Super-sideman Jesse Aycock (Hard Working Americans, Elizabeth Cook) has a new self-titled album highlighting his understated (but mindblowing) guitar, slide, and lap steel. Jesse’s singing voice is also surprising – a vulnerable cry that brings to life his earthy FM rock, country, and pop-edged material. Around the vocals, he wraps layers of shimmering Strats and steels, evoking the sounds of the ’70s with uncanny ability. We visited with the Oklahoma ace to unpack the album.
Cuts like “High Hopes” and “Wreck Like You” sound like long-lost cuts from George Harrison and John Lennon’s early solo albums.
Yeah, I’m definitely a sucker for that era of recordings, especially the stuff Phil Spector produced for Harrison and Lennon. My music goes well beyond that, but it’s hard to escape the Beatles’ presence. That influence always finds a way of making it into my recordings.
“Shed the Light” has many layers of cool, warbly guitar parts, but how did you keep it uncluttered?
I can thank co-producer Jason Weinheimer and the rhythm section of Paddy Ryan and Aaron Boehler for that, as we left a fair amount of space in the bedrock of the song. I started adding layers with a second and third guitar part along with backup vocals. By the end we had a ton going on and it was just overkill, so Jason started peeling back the layers. I can easily say of all the songs we recorded, that had the most going on and required the most surgery.
You seem to enjoy that Leslie guitar-type tone, as heard on “Wreck Like You.”
That was a real Leslie cabinet I ran through on “Wreck Like You.” I love the vibe it creates in a mix, and gives that instant feeling of ’70s nostalgia. Some of the other Leslie-type sounds could have been coming from my DOD Stereo Flanger.
“Past Life” has a great slide break.
That was on my ’56 Fender Deluxe lap-steel. In choosing an instrument to play for a solo, it’s usually about what color lends itself to the song. Sometimes it’s just a matter of trying a different guitar or amp, but sometimes it’s pretty obvious that lap-steel, pedal-steel, or slide guitar is the thing to do. A good example of that is the slide part on the end of “Passing Days.” Lap-steel would have worked but wouldn’t have had the same feel as slide. With many of the songs on this album, I wanted the steel to add a feeling more than an actual sound.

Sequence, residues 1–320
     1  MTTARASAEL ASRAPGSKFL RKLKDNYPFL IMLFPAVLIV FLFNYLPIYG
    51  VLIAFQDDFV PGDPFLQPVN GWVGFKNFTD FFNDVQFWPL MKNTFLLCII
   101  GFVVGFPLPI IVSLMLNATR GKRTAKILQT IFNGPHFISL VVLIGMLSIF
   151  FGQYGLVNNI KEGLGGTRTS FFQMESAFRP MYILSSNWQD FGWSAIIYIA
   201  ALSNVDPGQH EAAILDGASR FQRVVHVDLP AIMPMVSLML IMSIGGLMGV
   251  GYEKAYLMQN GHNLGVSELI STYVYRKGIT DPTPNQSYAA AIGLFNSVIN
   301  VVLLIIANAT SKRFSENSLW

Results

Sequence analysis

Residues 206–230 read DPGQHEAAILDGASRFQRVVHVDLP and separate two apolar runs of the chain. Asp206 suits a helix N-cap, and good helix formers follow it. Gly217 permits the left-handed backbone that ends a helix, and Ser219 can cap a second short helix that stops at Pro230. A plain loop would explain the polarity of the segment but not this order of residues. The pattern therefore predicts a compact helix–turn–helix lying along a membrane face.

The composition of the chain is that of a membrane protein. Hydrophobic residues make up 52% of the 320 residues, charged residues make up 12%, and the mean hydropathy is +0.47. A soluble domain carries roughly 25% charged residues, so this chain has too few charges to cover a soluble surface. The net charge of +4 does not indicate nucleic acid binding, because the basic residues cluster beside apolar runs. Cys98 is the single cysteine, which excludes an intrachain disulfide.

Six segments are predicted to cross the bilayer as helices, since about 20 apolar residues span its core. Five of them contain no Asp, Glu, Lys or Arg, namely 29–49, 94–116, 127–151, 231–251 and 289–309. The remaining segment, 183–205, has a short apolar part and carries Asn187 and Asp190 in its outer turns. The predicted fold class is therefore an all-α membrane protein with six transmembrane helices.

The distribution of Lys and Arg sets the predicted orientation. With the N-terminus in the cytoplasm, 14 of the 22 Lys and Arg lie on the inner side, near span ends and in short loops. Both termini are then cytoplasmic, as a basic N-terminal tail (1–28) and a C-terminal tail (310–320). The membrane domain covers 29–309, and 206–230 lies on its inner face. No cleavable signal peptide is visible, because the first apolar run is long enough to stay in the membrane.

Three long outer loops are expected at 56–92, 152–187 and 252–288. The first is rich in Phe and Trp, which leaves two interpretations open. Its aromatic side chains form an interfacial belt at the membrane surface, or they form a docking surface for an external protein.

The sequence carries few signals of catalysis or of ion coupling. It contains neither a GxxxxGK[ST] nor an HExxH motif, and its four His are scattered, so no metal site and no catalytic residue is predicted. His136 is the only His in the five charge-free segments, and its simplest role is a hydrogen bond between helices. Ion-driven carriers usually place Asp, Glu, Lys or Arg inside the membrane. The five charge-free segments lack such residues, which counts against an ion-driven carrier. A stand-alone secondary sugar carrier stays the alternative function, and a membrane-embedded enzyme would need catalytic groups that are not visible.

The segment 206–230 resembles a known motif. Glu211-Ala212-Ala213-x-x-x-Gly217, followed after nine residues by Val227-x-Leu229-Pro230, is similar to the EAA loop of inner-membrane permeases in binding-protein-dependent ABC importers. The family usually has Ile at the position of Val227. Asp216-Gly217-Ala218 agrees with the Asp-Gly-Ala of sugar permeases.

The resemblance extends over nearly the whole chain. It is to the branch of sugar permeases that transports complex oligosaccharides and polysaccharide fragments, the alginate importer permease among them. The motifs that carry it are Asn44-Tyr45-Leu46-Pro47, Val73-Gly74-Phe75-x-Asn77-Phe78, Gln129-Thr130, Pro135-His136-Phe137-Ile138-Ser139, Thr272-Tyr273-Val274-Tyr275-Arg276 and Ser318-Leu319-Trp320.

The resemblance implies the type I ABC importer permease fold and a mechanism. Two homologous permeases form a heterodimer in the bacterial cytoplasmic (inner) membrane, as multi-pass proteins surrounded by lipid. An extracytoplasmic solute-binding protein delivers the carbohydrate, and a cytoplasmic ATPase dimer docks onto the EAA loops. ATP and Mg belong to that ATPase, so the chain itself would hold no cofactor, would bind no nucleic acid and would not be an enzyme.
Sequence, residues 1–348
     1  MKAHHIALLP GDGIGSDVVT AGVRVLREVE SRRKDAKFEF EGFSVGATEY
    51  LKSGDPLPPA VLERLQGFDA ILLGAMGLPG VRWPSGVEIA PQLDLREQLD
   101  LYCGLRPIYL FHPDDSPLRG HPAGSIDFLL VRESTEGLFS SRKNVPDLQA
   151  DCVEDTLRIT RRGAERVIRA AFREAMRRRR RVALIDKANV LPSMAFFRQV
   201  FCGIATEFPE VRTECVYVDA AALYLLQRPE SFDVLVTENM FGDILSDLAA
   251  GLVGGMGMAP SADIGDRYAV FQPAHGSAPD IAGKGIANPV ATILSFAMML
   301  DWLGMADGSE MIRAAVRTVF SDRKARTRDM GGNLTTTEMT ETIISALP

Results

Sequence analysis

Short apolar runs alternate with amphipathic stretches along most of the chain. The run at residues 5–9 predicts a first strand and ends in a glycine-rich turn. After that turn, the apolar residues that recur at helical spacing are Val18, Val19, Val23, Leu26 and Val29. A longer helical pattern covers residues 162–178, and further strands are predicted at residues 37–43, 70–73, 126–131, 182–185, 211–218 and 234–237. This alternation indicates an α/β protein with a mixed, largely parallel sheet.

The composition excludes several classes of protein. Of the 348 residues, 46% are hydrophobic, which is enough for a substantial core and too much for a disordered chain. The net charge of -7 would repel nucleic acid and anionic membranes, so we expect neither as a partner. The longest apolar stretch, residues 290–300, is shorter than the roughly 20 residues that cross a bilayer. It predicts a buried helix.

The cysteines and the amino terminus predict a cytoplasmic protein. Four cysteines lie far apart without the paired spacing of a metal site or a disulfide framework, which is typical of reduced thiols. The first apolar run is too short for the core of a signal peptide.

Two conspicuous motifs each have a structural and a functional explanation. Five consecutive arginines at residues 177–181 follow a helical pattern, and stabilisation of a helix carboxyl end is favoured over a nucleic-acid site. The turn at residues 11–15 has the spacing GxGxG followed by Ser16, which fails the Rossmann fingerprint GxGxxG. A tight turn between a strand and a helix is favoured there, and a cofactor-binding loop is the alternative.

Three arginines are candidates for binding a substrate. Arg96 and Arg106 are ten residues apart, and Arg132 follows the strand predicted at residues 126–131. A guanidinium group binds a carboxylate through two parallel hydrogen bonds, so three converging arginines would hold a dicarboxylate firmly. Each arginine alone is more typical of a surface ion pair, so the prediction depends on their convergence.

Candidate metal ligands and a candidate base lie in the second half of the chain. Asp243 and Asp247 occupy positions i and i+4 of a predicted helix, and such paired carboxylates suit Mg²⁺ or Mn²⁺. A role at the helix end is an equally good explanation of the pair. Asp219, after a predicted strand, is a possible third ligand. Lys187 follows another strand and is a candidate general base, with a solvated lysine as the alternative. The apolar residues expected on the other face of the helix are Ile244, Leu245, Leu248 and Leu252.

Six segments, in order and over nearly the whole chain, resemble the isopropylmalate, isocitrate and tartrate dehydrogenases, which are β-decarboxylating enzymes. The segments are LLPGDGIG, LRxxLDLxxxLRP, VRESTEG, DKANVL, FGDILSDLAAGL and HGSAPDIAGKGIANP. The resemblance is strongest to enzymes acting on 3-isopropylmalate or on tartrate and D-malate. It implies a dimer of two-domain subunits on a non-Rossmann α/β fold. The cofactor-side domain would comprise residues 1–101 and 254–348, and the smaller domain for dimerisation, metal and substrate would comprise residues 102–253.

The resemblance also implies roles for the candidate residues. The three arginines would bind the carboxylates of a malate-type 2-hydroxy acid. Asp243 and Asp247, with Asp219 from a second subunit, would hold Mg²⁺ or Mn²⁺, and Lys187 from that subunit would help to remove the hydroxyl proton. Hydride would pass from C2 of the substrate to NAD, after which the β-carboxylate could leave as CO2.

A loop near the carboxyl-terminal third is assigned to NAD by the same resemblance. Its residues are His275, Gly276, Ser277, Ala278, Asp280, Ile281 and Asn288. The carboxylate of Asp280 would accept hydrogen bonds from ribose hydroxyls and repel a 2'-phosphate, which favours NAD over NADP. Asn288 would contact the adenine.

Who are you main guitar influences?
I’m self-taught, but one of the first players I really connected with was Marc Ford, of the Black Crowes. Growing up, I spent hours playing along to Southern Harmony & Musical Companion, probably driving my folks crazy. I also love that back-and-forth you get with two players, like Marc and Rich Robinson, Neil Young and Stephen Stills, Keith Richards and Mick Taylor, Dickey Betts and Duane Allman, and so on.
You worked with the late Neal Casal.
Neal is another big influence, not only as a guitar player, but as a composer, producer, and writer. Working with him in the studio and live, interweaving guitar parts with Hard Working Americans, taught me more in a short period of time than I’ve learned in all my years of playing.
“Under the Gun” gets into some great psychedelia at the end. Was that a live jam?
Paddy, Aaron, and myself tracked all the rhythm live as a three piece, and I laid down the outro-guitar after. I was feeling inspired and recorded it pretty quickly. If I recall correctly, we got it in one take. I tried beating it a few times after, just for fun, but it didn’t have the same spark.
Which amps, and pedals did you use on the album?
I used my modded reissue Fender Princeton for much of the tracking, and a ’71 Vibrolux for guitar and pedal-steel. There’s a Trace Elliot Velocette for leads on a couple of the tracks, and an old Webcor all-tube tape player for lead guitars on “High Hopes” and “Shed The Light.” For pedals, I used my Catalinbread Echorec, DOD FX75-B stereo flanger, Ernie Ball volume pedal, Strymon El Capistan, BearFoot Pink Purple fuzz, Sarno Earth Drive overdrive, and Pedalworx Hellbilly fuzz/drive.
With everyone on lockdown, how did you manage to create such organic recordings?
We ended up going in as a three piece and tracking everything live to tape, followed by some overdubs. Fellowship Hall Sound, in Little Rock, has such a great, laid-back vibe, which made it easy to settle in and get good sounds. They also have the original Caddco mixing console that producer Tom Dowd used; it came from Atlantic Studios in New York City, which is really neat. Running through all that cool vintage gear was really inspiring – and a testament of how good those engineers were.
This article originally appeared in VG’s July 2021 issue. All copyrights are by the author and Vintage Guitar magazine. Unauthorized replication or use is strictly prohibited.